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Working From Home With Kids: Tips For Managing Remote Work And Family

    A woman in black working from home with her kid playing in the foreground.

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    Meet Sarah, the Director of Marketing at a top advertising agency who is working from home with young kids. She exudes confidence and professionalism, with blonde hair and a trendy yet comfortable outfit. Her home office is immaculately designed, featuring a sleek white desk, an inspiring statement wall art. And a potted plant in the corner that screams “I have my life together.”

    As she sits down for her morning video call, she brushes a strand of perfectly styled blonde hair out of her face and takes a sip of her favorite morning beverage. But just as she begins to present her latest project proposal to a new client, chaos ensues. Her toddler bursts in wearing a superhero cape and a mischievous grin. As Sarah tries to usher him out of the room, her client chuckles and says, “Don’t worry, I have a two-year-old at home too. We’ve all been there!”

    If you can relate to Sarah’s struggle, you’re not alone. Working from home with kids is a unique challenge that many of us face. But that doesn’t mean we can’t find some humor in the situation. So grab a fresh cup of coffee (or reheated if that’s more your speed), and let’s explore some tips and tricks for navigating the wild world of remote work and family with kids of all ages.

    Blonde woman wearing glasses at home playing with her young child on a white couch.

    Challenges of Working from Home with Kids

    Let’s face it, working from home (WFH) with kids is hard. It’s not your fault. You’re not a bad parent or a bad employee. The COVID-19 pandemic has made it difficult for many parents, especially women, to juggle the demands of remote work and caring for their children. The reality is that we’re all doing the best we can to adapt. But that doesn’t mean you have to do it alone.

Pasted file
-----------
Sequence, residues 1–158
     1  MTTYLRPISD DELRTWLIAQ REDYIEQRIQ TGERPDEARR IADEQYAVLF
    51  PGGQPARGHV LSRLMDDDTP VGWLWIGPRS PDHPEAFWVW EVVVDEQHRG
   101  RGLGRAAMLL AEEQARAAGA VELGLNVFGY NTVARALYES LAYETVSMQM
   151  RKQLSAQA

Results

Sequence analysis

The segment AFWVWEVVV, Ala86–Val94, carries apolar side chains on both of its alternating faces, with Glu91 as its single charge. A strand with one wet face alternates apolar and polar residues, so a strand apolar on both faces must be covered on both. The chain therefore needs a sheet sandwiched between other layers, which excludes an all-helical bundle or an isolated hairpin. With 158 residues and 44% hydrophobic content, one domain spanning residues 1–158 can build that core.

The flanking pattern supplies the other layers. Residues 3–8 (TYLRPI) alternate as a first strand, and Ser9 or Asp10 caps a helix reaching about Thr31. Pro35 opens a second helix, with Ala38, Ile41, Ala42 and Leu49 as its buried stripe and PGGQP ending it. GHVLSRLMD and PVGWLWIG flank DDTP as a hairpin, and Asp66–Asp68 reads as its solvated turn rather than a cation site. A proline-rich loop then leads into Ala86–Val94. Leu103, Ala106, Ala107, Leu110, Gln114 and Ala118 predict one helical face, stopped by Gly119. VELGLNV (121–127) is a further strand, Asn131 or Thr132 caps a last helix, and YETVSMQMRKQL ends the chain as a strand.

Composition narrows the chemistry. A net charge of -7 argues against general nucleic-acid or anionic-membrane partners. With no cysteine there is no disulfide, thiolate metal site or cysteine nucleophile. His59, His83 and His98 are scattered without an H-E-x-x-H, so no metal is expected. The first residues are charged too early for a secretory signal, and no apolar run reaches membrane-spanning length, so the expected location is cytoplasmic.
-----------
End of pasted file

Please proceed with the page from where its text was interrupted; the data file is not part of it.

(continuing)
Here are some practical tips to help you manage the challenges of working from home with kids. With a particular focus on three different age groups: toddlers aged 6 months to 5 years, children aged 5 to 9, and kids aged 9 to 12. We’ll also offer general advice for women working from home, including how to handle unexpected interruptions during online meetings and how to manage time effectively.

    One of the biggest challenges of working from home with kids is managing interruptions and distractions during work hours. To minimize these distractions, it is important to set boundaries and establish a routine. You may find it helpful to schedule your work tasks around your child’s schedule. However, communicate your availability to your employer and colleagues as best you can.

    Woman working from home on a laptop with her kid drawing with colored pens.

    Working from Home with Kids Ages 6 Months to 5 Years

    For parents with young children, the challenges of remote work can be especially difficult. Infants and toddlers require constant attention, and it can be hard to focus on work while also caring for them. Here are some tips for parents with young children:

    Create a schedule: Developing a routine can be helpful for both parents and children. Try to establish set times for work, play, and meals, and stick to them as much as possible. This will help children understand when it is time for them to engage in different activities and will also help parents to manage their time better.

    A woman in a black top sitting on the grass and playing with her young child.

    Take advantage of nap time: Infants and toddlers typically nap during the day. Use this time to tackle more demanding work tasks or attend important meetings. This can be the most productive time for parents to complete tasks that require their full attention.

    Set up a dedicated workspace: Having a designated workspace can help parents stay organized and focused. If possible, set up a separate room or area for work, where you can close the door to minimize distractions. This will also help create a boundary between work and home life.

    Managing WFH with Children (5 – 9 Years Old)

    Children aged 5-9 are more independent than younger children but still require supervision and assistance. Parents can try the following strategies to balance work and childcare:

    Establish a daily routine: Children thrive on routine, so establishing a consistent daily schedule can be helpful. This will help children know when they are expected to do homework or engage in other activities, giving parents more time to focus on work.

    Involve children in chores: Giving children age-appropriate chores not only helps to instill responsibility but can also give parents some much-needed time to work. For instance, children can help with setting the table, folding laundry, or cleaning up their toys.

    Set boundaries: Children in this age group can be very demanding, but it is essential to set boundaries with them. Parents can set aside specific times when they are not to be disturbed, such as during virtual meetings. Let children know that they should not interrupt you during those times, except in the case of an emergency.